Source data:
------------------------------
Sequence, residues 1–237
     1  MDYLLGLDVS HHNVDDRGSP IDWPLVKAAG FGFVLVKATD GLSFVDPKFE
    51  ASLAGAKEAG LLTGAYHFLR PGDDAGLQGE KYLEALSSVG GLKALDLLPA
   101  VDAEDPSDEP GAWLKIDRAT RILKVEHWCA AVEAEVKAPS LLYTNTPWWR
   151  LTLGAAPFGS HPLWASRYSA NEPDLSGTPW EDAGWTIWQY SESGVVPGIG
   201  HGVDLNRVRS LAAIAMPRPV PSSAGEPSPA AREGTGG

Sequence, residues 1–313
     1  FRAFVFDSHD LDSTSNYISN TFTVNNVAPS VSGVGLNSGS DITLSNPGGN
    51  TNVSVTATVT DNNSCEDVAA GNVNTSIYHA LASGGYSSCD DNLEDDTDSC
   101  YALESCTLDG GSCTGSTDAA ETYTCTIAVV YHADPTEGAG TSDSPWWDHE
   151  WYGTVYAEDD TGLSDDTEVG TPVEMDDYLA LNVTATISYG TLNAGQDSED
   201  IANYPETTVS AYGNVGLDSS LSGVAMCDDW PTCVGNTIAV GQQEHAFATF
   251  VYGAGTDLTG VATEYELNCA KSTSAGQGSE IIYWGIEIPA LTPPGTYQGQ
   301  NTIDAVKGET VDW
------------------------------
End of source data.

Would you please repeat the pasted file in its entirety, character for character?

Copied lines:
Sequence, residues 1–237
     1  MDYLLGLDVS HHNVDDRGSP IDWPLVKAAG FGFVLVKATD GLSFVDPKFE
    51  ASLAGAKEAG LLTGAYHFLR PGDDAGLQGE KYLEALSSVG GLKALDLLPA
   101  VDAEDPSDEP GAWLKIDRAT RILKVEHWCA AVEAEVKAPS LLYTNTPWWR
   151  LTLGAAPFGS HPLWASRYSA NEPDLSGTPW EDAGWTIWQY SESGVVPGIG
   201  HGVDLNRVRS LAAIAMPRPV PSSAGEPSPA AREGTGG

Sequence, residues 1–313
     1  FRAFVFDSHD LDSTSNYISN TFTVNNVAPS VSGVGLNSGS DITLSNPGGN
    51  TNVSVTATVT DNNSCEDVAA GNVNTSIYHA LASGGYSSCD DNLEDDTDSC
   101  YALESCTLDG GSCTGSTDAA ETYTCTIAVV YHADPTEGAG TSDSPWWDHE
   151  WYGTVYAEDD TGLSDDTEVG TPVEMDDYLA LNVTATISYG TLNAGQDSED
   201  IANYPETTVS AYGNVGLDSS LSGVAMCDDW PTCVGNTIAV GQQEHAFATF
   251  VYGAGTDLTG VATEYELNCA KSTSAGQGSE IIYWGIEIPA LTPPGTYQGQ
   301  NTIDAVKGET VDW